SAN FRANCISCO (GenomeWeb) – As the UK's 100,000 Genomes Project wraps up this year, the National Health Service is getting ready to implement diagnostic whole-genome sequencing for patients with rare disease and certain cancers in the fall.
Last November, the NHS said it planned to start offering diagnostic WGS routinely in October of 2018. According to Anna Schuh, director of molecular diagnostics in the University of Oxford's department of oncology, this will go along with a "complete restructuring of the NHS genetics labs." Rather than each individual NHS lab having a WGS protocol, sequencing will be centralized and performed at the same Genomics England facility used in the 100,000 Genomes Project. Meantime, other types of genetic diagnostics will be phased out, Schuh said.
Likely, around seven centers will continue to perform conventional testing, with an increasing number of samples sent to Genomics England's Cambridge facility. Genomics England is responsible for choosing the sequencing technology and it recently signed a three-year contract with Illumina, Schuh said.
"With centralization comes logistical issues that still need to be ironed out," she added. For instance, researchers are trying to reduce turnaround times and figure out how much DNA needs to be submitted. For the 100,000 Genomes Project, input DNA requirements were relatively high, but Schuh said for a clinical service, the goal is to reduce requirements to 200 nanograms, which should be technically possible. The impetus for reducing DNA requirements is that often, it is difficult to get sufficient amount of DNA from a biopsy and "for a patient who lives far from the centralized laboratory, you can't just go back and say 'I need more DNA.'"
The goal for turnaround time is 21 days, Schuh said, but that's from the time the sample leaves the local hospital to results being turned. However, she said, there can often be delays on the hospital pathology side after a patient biopsy is taken. That process alone can take up to three weeks, she added.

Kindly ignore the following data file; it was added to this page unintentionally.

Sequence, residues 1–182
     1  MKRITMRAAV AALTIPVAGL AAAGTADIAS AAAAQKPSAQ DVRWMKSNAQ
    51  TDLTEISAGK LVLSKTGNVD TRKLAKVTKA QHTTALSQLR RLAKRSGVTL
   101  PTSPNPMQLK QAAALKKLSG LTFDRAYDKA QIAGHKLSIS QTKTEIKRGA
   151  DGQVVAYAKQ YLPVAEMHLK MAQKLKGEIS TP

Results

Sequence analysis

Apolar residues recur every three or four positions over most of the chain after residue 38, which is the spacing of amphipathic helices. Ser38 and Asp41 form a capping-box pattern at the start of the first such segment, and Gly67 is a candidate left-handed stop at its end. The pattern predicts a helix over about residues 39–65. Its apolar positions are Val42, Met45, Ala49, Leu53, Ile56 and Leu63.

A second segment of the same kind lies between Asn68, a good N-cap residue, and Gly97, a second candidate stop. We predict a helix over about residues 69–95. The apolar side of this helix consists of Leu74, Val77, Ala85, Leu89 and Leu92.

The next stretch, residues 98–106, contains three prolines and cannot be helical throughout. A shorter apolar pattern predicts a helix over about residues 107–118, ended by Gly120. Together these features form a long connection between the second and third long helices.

According to Schuh, the NHS will initially pay for diagnostic whole-genome sequencing for rare disease patients and for cancer patients with acute myeloid leukemia, acute lymphocytic leukemia, and sarcomas, as well as all pediatric cancers.
Schuh said that those will be the first cancer types eligible for testing because cases tend to be more urgent and genomic information is particularly helpful for prognostics and to make treatment decisions. "There's a more urgent need for the acute leukemias," she said. "We're using so many different tests and there are so many abnormalities that are clinically actionable that it makes sense to do this with one test."
Diagnostic sequencing will be rolled out for other cancers later on in a stepwise fashion and eventually be available for most, if not all, cancers. Chronic lymphocytic leukemia and ovarian cancer will likely comprise the second wave, Schuh said. "We have a plan to gradually introduce whole-genome sequencing as a routine diagnostic across all cancers," she said.
In preparation for the rollout of diagnostic WGS for cancer, researchers at the University of Oxford published a clinical validation study of the whole-genome sequencing protocol for blood-based cancers this week in the British Journal of Hematology.
In the study, the researchers evaluated tumor and germline samples from 64 patients with CLL using WGS, and results were compared to orthogonal technologies.
The researchers looked at SNVs and indels in 11 known driver genes for CLL that are already routinely tested in the UK and compared whole-genome sequencing with a targeted NGS panel. They also compared genome-wide copy number alterations discovered by WGS with those detected by fluorescence in situ hybridization and microarrays. Concordance was 96 percent for SNVs and indels compared with targeted NGS, and for copy number alterations it was 87 percent compared with FISH and 93 percent compared with array.